Robots will displace 20 million manufacturing jobs worldwide, a new report from Oxford Economics has said.
The findings from the economic forecast company, Oxford Economics (OE), highlights that the 20 million represents 8.5% of the global manufacturing workforce and also found that on the average, 1.6 manufacturing workers are displaced from every newly installed robot.
While some industries are just about starting to experiment with automation, manufacturing jobs have long taken the forefront. China leads the charge in automating jobs: By 2030, the country will have 14 million industrial robots in use. The rest of the world, meanwhile, will have just 6 million robots in use.
Robots are growing in numbers because they are cheaper than paying people. Technological advancements have pushed down the average unit price of robots by 11% between 2011 to 2016. The US has already lost 260,000 due to automation since the turn of the century, according to the report.
The report analyzed data from the International Federation of Robots, and focused on countries that account for more than 90% of industrial robot installations: EU nations, US, Japan, South Korea, China, and more. The IFR uses survey data from robot suppliers in 50 countries tracked from 1994 to 2014.
PWC estimated roughly 7 million jobs in the UK would be displaced by 2037, McKinsey projected 800 million people worldwide would be out of a job by 2030, but OE’s findings differ in that they target how the manufacturing sector specifically would suffer.
Robots have 5 million American manufacturing jobs since 2000, accounting for a decline of nearly 30% of these jobs,
The report also has implications for manufacturing policy, as President Trump promised to bring back these jobs during his campaign. Manufacturing activity fell in the US to a two-year low in June, in part due to the ongoing trade war with China. Still, the Trump administration has been slow to acknowledge AI’s impact on the American workforce. Treasury Secretary Steven Mnuchin once said he’s “not worried at all” about robots’ impact on employment.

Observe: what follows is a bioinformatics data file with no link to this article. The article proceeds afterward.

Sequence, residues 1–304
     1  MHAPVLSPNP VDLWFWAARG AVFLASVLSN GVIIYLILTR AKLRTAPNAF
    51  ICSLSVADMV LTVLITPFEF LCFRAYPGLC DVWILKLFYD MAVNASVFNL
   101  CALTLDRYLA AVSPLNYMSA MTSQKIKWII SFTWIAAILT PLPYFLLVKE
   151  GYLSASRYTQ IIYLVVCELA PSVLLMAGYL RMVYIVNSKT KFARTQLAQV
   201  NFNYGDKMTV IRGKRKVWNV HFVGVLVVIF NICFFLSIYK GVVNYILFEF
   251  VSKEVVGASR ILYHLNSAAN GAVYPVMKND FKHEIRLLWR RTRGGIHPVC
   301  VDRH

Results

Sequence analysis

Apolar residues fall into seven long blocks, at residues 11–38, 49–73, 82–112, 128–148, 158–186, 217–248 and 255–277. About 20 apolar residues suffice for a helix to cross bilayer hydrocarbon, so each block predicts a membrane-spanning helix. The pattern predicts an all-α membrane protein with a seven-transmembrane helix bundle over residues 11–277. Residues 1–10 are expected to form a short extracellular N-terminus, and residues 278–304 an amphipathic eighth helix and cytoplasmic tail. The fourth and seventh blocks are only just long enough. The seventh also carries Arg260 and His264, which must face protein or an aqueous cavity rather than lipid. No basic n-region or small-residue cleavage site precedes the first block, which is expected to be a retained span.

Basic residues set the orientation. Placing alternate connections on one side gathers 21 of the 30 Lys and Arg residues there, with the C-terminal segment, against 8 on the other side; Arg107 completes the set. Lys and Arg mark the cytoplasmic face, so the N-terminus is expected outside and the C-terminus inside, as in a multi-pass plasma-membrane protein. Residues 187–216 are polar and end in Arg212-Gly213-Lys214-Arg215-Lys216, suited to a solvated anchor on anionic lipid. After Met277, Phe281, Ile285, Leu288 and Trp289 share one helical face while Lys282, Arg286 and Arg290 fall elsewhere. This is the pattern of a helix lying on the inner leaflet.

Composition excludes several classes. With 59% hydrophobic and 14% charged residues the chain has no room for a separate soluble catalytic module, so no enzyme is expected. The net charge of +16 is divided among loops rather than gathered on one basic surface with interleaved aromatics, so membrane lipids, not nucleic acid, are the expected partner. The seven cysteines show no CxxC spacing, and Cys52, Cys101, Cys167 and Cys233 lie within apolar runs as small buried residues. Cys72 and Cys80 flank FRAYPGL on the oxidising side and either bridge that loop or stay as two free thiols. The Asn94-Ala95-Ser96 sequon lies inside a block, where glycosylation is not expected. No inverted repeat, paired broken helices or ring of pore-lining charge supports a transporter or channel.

“The repercussions of robotisation are interconnected and complex, but the growth in robotics is inevitable,” the OE report says. “These challenges must be embraced and addressed.”
Founded in 1981, Oxford Economics formed as a commercial venture with Oxford University’s business collective in an effort to provide economic forecasting and modeling to companies and financial institutions in the United Kingdom that were expanding abroad. Over the years, the firm has earned global recognition, becoming one of the top independent advisory firms worldwide.
The firm provides reports, forecasts and analytical tools on over 3,000 cities, 200 countries and 100 industrial sectors. Its top-notch global economic and industry models and analytical tools make it possible to forecast external market trends while making accurate assessments of their economic, social and business impact.
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